Instrumentation & Measurement Magazine 23-2 - 7

c = 11.68 Å. Currently, in addition to various single-crystal substrates used for sputtering epitaxial HTS films [35], bicrystal
substrates made of SrTiO3, MgO, Y-ZrO2 (YSZ), Si, NdGaO3,
LaAlO3 and sapphire (α-Al2O3) are available. For microwave
applications, materials with a dielectric constant ε ≅ 10: MgO,
α-Al2O3 and Si are attractive. Unfortunately, bicrystal junctions made on sapphire and silicon demonstrate the Josephson
effect at temperatures well below the boiling point of liquid
nitrogen, 77.4 K. High-quality bicrystal JJs with high critical
currents and characteristic voltages at nitrogen temperatures
can be produced on magnesium oxide. But arrays of such junctions have been little studied so far. Among the remaining
materials, NdGaO3 and YSZ are most interesting. The advantage of NdGaO3 compared to YSZ is the perfect matching of
the crystal lattice with YBCO, which makes it possible to fabricate HTS films of very high quality, as well as low attenuation
coefficients at high frequencies. On the other hand, the advantage of YSZ substrates is their wide availability and, most
importantly, the possibility of manufacturing substrates with
several bicrystal grain boundaries, which is very important for
fabrication in multi-junction Josephson circuits.
At the same time, additional restrictions should be noted
when bicrystal substrates from YSZ are used. Firstly, this is a
high dielectric constant ε = 26 and there are significant dielectric losses, which are two to three orders of magnitude higher
than the losses in sapphire at frequencies of about 100 GHz.
Secondly, the arrays of series-connected JJs made on a bicrystal substrate have the shape of a meander. The noted features
limit the possibilities in the design of the circuits and prevent
the uniform distribution of the high-frequency bias current
along the array. These reasons make it difficult to use the
known schemes for incorporating bicrystal JJs into the microwave lines.
Despite these limitations, HTS arrays of bicrystal JJ structured on yttria-stabilized-zirconia bicrystal substrates are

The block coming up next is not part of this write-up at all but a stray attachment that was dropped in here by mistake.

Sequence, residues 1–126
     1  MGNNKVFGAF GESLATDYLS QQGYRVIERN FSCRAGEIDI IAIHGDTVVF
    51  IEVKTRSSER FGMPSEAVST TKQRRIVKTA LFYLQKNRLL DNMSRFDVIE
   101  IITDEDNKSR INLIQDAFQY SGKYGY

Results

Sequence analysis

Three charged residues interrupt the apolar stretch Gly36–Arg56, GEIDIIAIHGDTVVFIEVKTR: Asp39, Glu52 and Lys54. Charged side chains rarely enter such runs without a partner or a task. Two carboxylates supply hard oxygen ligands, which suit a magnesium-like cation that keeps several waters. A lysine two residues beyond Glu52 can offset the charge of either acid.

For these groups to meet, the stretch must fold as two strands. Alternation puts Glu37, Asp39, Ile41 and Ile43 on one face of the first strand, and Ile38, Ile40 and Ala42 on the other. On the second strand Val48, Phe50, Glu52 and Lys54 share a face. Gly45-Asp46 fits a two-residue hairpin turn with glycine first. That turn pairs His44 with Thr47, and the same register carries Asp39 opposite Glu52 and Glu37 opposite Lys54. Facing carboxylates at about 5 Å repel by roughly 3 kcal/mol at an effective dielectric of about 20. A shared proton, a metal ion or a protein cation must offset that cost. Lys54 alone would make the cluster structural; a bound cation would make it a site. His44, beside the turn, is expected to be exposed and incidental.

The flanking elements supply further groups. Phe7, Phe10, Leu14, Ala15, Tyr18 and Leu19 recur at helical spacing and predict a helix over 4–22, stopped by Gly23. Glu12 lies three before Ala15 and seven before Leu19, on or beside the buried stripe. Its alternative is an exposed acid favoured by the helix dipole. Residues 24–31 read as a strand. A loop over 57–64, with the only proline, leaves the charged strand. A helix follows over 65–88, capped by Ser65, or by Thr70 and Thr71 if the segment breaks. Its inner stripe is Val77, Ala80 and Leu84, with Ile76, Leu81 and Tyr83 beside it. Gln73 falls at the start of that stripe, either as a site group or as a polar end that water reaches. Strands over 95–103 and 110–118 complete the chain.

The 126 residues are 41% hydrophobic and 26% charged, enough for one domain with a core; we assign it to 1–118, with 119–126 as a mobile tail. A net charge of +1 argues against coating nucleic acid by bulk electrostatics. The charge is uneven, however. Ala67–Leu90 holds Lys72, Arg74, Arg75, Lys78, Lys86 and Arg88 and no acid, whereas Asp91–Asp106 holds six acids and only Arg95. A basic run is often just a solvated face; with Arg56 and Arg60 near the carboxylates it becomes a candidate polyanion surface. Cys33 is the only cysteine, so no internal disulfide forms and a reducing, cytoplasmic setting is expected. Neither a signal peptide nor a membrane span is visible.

used now in dc voltage standards. This is due, firstly, to the
ideal IVCs of single junctions at nitrogen temperatures (Fig. 1),
both with no mm wave power and when being irradiated [36].
In the latter case, the steps are observed with a current range
exceeding Ic in full accordance with the Resistively Shunted
Junction (RSJ) model of the Josephson junction. Secondly, it
is connected with the ability to synchronize arrays containing
hundreds of JJs. For this purpose, a two-layer structure containing 120 nm YBCO epitaxial film covered in situ by 30 nm
Au film was used to fabricate series arrays of shunted HTS
junctions. Junction shunting is necessary to reduce the spread
of Rn, which is one of the conditions for the realization of (2).
The JJs are formed at the intersection of the bicrystal grain
boundary with thin-film bridges of HTSs with a width w=6
μm. The width of the meander, i.e., the size of the meander in
the direction perpendicular to the electric field vector, is chosen to be λeff / 2, where λeff is the effective wavelength in the
YSZ substrate. Thus, each strip of the meander forms an external electromagnetic field with a half-wave resonator at a
frequency of about 75.2 GHz with RF current maximum at its
center in the region of the JJs [9].
April 2020	

Fig. 1. IVC of a 5 μm wide junction at 77 K: (a) without external radiofrequency current and (b) with microwave irradiation at 93.37 GHz.

With this optimal design and quasioptical method of irradiation of the arrays [37], a maximum first step at a Josephson
voltage of about U ≅ 0.1 V on the array of 620 bicrystal junctions
at temperature of 79 K and frequency of f= 77.465 GHz was
achieved (Fig. 2) [9]. The resulting characteristic frequency
fc ≈ 60 GHz was smaller as f is optimum for the observation
of the first voltage step under mm-wave irradiation. Enlarged portions of the I-V curves demonstrate the amplitude
and the steepness of the step with nV resolution. Sub-arrays
containing 62 junctions each were also synchronized at the
same frequency and power. Steps from 0.01 V to 0.1 V were
observed. It is important to note that the average critical current is Ic = 0.55 mA with a standard deviation of 19 μA or 3.5%.
The average resistance of one shunted junction is about 0.18 Ω
with a standard deviation of 2.5 mΩ, or less than 1.5%. These
parameters approach the best results typical of the advanced
technology of LTS JJs arrays. Hence, the arrays of bicrystal
junctions are challenging for application in dc and ac programmable voltage standards.
There are two possibilities for enhancing the packing density of the junctions and correspondingly increasing the output
voltage. One is to use substrates with more than one grain
boundary. The grain boundaries are parallel and only spaced
about 10 to 20 μm, so the meander can cross them all, resulting
in a k-times enhanced junction rate per length, if k is the number of grain boundaries. Arrays prepared on such substrates
showed promising results for k=2 and were described in [38].
The other option is to push the meander together. While the
width of the junctions may be determined by optimal junction
size considerations and cannot be reduced, the space between
the junctions could be as small as possible. It seems possible to
increase the output voltage U from HTS circuit up to 1 V by using bicrystal substrates with k = 10 grain boundaries.

Bicrystal Junctions in Metrology
A commercially available table top dc voltage standard N421 based on the successful development of the arrays of

IEEE Instrumentation & Measurement Magazine	7



Instrumentation & Measurement Magazine 23-2

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